– As thousands of Liberians; dominant women breathe sigh of relief
Amid appeals from residents, predominately Liberians, still residing at the defunct Buduburam Refugee Camp in Ghana, Ghanaian authorities have announced that the 30 September planned demolition exercise of the area has been suspended, Women Voices has reliably gathered.
The Ghana Refugee Board’s Executive Secretary Tetteh Padi said Tuesday that the Ghanaian government is sensitive to the plight of the approximately 5,000 Liberian refugees still in the area, indicating that therefore, the actual demolition exercise scheduled to have taken place has been placed on hold while the residents of the Camp are given time to make alternative arrangements for shelter.
Meanwhile of the thousands of residents still in the Camp, the Ghana Refuge Board has disclosed that just 400 persons are classified as refugees, with Mr. Padi stating, “the Ghana Refugee Board has found alternative shelter for them and they will be moved away from the place.”
He added: “For the rest of the population, they still have a little bit of time to make alternative arrangements.”
Howbeit, the Chairman of the Liberian Community at the Budumburam, Denis Graham, is contending as being untrue, the figure of 400 people announced by the Ghana Refugee Board, as the only recognized refugees in the camp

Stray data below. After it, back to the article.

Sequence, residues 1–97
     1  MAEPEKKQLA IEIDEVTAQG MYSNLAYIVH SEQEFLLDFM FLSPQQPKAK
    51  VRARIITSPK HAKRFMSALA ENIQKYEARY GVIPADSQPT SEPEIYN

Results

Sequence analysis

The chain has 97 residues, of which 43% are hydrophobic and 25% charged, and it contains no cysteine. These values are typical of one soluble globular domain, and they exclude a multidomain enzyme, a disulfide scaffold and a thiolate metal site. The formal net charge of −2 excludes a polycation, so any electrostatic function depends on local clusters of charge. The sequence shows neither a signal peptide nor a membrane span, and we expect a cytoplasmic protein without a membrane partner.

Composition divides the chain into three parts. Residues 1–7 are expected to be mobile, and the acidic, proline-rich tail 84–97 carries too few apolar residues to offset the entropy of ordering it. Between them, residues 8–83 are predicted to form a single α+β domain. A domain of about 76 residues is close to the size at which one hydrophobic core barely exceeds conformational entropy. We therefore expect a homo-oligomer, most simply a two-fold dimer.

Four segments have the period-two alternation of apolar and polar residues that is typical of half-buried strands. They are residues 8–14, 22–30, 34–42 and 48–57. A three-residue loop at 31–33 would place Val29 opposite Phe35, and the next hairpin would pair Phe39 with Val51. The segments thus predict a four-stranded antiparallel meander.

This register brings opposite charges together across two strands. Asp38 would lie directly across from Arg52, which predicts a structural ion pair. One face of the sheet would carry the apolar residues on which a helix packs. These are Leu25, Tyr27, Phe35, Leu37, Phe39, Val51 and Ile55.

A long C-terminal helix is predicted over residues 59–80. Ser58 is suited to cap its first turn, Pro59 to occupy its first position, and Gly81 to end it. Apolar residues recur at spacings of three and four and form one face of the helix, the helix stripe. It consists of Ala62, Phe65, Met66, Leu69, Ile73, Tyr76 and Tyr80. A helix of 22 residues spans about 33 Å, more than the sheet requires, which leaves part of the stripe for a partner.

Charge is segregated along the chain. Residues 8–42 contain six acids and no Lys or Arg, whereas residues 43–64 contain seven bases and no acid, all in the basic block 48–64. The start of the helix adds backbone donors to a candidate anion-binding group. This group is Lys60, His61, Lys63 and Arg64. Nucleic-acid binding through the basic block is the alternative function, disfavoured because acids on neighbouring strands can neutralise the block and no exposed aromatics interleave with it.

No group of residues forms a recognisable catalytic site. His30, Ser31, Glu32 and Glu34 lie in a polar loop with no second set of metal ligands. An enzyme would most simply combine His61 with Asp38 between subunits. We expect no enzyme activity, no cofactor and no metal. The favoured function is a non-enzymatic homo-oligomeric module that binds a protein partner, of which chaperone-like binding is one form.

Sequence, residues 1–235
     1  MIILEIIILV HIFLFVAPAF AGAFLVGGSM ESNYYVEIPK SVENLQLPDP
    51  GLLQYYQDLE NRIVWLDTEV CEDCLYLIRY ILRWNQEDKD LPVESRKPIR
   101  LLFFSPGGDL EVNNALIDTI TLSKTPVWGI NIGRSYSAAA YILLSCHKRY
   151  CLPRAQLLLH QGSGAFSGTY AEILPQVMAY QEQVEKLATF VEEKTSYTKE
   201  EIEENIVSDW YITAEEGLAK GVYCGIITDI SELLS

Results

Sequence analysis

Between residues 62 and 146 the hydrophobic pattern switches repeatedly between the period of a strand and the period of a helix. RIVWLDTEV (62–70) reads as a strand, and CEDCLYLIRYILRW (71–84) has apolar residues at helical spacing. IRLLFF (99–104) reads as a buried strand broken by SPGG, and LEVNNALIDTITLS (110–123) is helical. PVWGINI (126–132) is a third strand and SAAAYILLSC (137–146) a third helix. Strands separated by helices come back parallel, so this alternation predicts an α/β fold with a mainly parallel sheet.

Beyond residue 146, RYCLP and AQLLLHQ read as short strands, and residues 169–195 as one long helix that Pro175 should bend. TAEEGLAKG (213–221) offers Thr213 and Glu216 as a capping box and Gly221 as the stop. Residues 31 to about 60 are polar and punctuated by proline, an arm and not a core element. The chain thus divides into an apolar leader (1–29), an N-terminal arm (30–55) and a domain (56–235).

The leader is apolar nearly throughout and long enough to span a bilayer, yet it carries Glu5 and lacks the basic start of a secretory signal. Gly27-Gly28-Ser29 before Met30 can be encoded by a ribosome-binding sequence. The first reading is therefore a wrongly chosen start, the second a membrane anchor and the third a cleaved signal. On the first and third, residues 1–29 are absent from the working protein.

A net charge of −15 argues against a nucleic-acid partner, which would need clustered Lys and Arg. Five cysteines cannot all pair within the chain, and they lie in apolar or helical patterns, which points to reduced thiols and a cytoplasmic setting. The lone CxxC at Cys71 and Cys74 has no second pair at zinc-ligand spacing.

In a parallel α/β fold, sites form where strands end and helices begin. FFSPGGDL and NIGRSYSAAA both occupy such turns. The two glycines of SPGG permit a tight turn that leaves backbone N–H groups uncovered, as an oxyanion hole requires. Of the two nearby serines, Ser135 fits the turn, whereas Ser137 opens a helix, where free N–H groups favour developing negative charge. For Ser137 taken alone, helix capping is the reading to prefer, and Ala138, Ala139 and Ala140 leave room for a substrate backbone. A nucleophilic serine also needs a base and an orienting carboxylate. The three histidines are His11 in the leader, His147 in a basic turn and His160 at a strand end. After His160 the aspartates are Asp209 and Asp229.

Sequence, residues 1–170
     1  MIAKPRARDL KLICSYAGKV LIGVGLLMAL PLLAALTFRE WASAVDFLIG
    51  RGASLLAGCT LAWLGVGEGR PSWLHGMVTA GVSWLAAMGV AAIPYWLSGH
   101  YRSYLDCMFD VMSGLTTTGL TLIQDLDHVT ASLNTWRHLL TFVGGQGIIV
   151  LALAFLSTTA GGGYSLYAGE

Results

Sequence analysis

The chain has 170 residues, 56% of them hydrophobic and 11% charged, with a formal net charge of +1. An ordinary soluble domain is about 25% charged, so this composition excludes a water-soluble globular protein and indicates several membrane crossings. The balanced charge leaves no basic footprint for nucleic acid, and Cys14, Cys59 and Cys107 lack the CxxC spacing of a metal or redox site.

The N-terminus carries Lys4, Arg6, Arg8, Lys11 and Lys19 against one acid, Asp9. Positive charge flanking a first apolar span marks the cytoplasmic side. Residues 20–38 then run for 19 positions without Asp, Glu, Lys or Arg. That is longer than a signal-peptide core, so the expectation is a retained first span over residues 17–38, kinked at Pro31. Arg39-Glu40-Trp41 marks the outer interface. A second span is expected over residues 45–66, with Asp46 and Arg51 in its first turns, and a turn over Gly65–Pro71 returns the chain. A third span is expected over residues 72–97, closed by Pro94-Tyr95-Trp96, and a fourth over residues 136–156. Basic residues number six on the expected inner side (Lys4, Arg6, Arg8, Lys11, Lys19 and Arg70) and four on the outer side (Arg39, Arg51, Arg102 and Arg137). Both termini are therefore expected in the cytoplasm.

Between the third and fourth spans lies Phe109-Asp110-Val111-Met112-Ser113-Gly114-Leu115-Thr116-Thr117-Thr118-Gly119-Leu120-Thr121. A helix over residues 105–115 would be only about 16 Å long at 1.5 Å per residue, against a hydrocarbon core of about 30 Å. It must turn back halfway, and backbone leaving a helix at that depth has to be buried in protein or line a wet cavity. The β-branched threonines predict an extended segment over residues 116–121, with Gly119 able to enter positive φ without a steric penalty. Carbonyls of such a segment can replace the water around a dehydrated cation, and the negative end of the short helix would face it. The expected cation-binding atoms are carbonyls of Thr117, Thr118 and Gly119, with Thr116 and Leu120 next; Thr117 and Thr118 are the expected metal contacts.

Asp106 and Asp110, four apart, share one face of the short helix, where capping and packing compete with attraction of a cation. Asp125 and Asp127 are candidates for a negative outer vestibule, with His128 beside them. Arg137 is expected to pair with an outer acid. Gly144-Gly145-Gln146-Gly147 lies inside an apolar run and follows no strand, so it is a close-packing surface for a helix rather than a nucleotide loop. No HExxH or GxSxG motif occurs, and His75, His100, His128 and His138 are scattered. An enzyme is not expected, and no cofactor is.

Women Voices has learned that Graham had earlier said there were 11,000 Liberians in the camp in 2012, noting that of such number, 4,600 opted to be locally integrated into the Ghanaian society.
On the planned date for the now suspended demolition exercise, residents of the Camp, also known as the Liberian Camp, moved onto the streets in protest as that was the deadline given them by the Gomoa East District Security Council to move out of the place, according to GhanaWeb.
Several Liberians who spoke with GhanaWeb, expressed mixed reactions to the planned demolition exercise, with some stating that they had become fed up with the way they were being treated.
They said at the time that if only the land borders in Ghana would be open for them, they would gladly return to Liberia.
However, following the postponement of the demolition, several Liberians, predominantly women, again took to the streets, but this time in jubilation, for the extension given them to vacate the area.
Although the Buduburam Camp has become home to many foreign nationals from Nigeria, Senegal, Cote d’Ivoire, and some other Ghanaian nationals since the UNHCR opened the place for them in 1990, the chiefs and resident of Gomoa Fetteh have asked for the land that belongs to them to be returned, according to GhanaWeb.
Buduburam, formerly used as a refugee camp located 44 kilometers (27 miles) west of Accra, Ghana, was opened by the UNHCR in 1990 and was a home to more than 12,000 refugees from Liberia who fled the senseless internecine gun battles during the first Liberian Civil War that engulfed the country from 1989–1996 and the second Liberian Civil War which lasted from 1999–2003.